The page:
Rant about the MySpace Suicides
I’ve used an internal mailing list to keep everyone abreast of the developments in what has become known as the *MySpace Suicide*.
What’s the point of all this? We are part of the big machine that is supposed to teach humanity how to use science and technology ethically, right? But to many’s chagrin there is simply no ‘golden nugget’ or no simple answer. In this case, the foe is cyberbullying, in extremis, but the source is unexpected.
The fact that the police have now charged the 49yo mother in this case clearly demonstrate that the younger generation approach ICT (Information and Communication Technologies) much more ethically than their parental generation. In this case it’s the mother who misrepresented herself as a minor (boy, 16yo), and instructed her own teenaged daughter and her friends to “shut up”. The result is tragic, and the mother now faces 20 years of imprisonment.
"Any adult who uses the Internet or a social gathering Web site to bully or harass another person … needs to realize that their actions can have serious consequences,"
The case of the MySpace Suicide is a gruesome event that anyone working in ICT, particularly at the community level, should be familiar with. I’ve attached last Thursday’s Yahoo News bulletin about the latest developments.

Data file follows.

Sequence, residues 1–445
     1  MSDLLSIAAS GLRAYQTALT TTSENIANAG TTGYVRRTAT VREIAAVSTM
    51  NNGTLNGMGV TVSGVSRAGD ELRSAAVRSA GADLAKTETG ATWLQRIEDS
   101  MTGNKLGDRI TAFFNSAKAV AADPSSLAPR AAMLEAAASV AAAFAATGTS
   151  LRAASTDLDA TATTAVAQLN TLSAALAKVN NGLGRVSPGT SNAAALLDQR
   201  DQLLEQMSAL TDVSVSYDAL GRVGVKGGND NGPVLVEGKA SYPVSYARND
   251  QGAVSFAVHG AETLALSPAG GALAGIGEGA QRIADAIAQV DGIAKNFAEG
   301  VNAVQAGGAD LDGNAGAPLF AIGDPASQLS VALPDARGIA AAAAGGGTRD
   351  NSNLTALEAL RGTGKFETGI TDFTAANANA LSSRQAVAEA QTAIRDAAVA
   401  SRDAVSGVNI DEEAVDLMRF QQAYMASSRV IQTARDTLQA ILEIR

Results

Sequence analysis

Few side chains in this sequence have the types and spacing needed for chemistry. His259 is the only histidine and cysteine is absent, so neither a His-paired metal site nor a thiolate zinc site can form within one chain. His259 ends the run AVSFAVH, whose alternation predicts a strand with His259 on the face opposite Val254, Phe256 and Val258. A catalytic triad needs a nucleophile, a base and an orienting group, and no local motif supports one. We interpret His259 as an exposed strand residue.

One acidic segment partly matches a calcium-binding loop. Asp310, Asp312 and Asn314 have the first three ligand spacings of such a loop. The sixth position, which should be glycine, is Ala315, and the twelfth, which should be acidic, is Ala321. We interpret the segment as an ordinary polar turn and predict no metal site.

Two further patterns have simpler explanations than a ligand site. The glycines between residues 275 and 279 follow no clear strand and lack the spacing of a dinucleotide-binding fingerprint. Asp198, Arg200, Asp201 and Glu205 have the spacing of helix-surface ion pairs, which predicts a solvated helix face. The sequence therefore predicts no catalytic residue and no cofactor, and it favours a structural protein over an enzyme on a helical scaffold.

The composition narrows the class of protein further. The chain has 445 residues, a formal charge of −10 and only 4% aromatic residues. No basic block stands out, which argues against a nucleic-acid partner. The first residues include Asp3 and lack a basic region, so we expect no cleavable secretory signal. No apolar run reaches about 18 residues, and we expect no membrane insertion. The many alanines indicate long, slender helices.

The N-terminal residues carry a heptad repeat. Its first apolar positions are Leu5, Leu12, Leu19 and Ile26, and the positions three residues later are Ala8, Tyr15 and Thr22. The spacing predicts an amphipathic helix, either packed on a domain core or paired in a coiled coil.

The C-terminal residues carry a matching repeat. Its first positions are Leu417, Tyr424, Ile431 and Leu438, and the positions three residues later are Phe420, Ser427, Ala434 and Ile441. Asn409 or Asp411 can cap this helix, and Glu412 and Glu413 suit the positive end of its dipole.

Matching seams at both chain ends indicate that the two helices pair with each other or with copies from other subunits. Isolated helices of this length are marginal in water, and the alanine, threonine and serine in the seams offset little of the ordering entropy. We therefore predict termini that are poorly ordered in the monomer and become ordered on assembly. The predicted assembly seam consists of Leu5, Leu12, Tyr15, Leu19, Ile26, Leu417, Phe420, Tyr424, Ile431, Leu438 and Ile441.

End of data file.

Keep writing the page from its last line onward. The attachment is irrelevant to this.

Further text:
This is not intended to be fuel for the proponents of censorship: That would be a very myopic and sheltered vision. As public access providers our primary role is to provide unencumbered access to the World Wide Web, our secondary role is to continue to be seen worldwide as leaders in the free circulation of information. If there is a moral to the story it is that there are far greater injustices that have to be addressed on a much more grass roots level in order to evolve into and towards the ethical use of. When will our policy and decision makers realize that more streetlamps and condemnation are not the way to move forward?
We need to light the beacon of values and morals and that is only achieved with increases culture and arts funding. It is the fundamental basis of Victor Hugo’s 1848 speech to the Assemblée Nationale. Hugo voted against reforms in the French budget that proposed negligible cuts to arts and culture but strong investment in policing and, in particular, streetlamps.
"We provide street lamps for our cities, light them every night, and this is very well, street lamps on every corner, in every public place; but when will we understand that we cannot lift a dark soul without first brightly lighting our spirits?"
Hugo was arguing that there is always money for additional street lamps, but only ever economies for arts and letters. His argument was that if you'd only nourish the morals first, then you don't need more street lamps. Hugo was ostracized from the national assembly for taking a stand in human values and the greater good, rather than supporting the very myopic and short-term view of the current rule.
His vision is repeated today, and today, our MLAs and MPs that stand up and speak up for increased arts and culture funding continue to be ostracized. We see it annually with our own program, where each year we have to fight to justify a small pittance – despite our reach being so great it becomes immeasurable, even incontestable. A strong C@P Program, with resources abound, would go a long way in educating, shaping, and instilling ethical values in adults and children alike.
A strong program like ours could help prevent the next MySpace Suicide.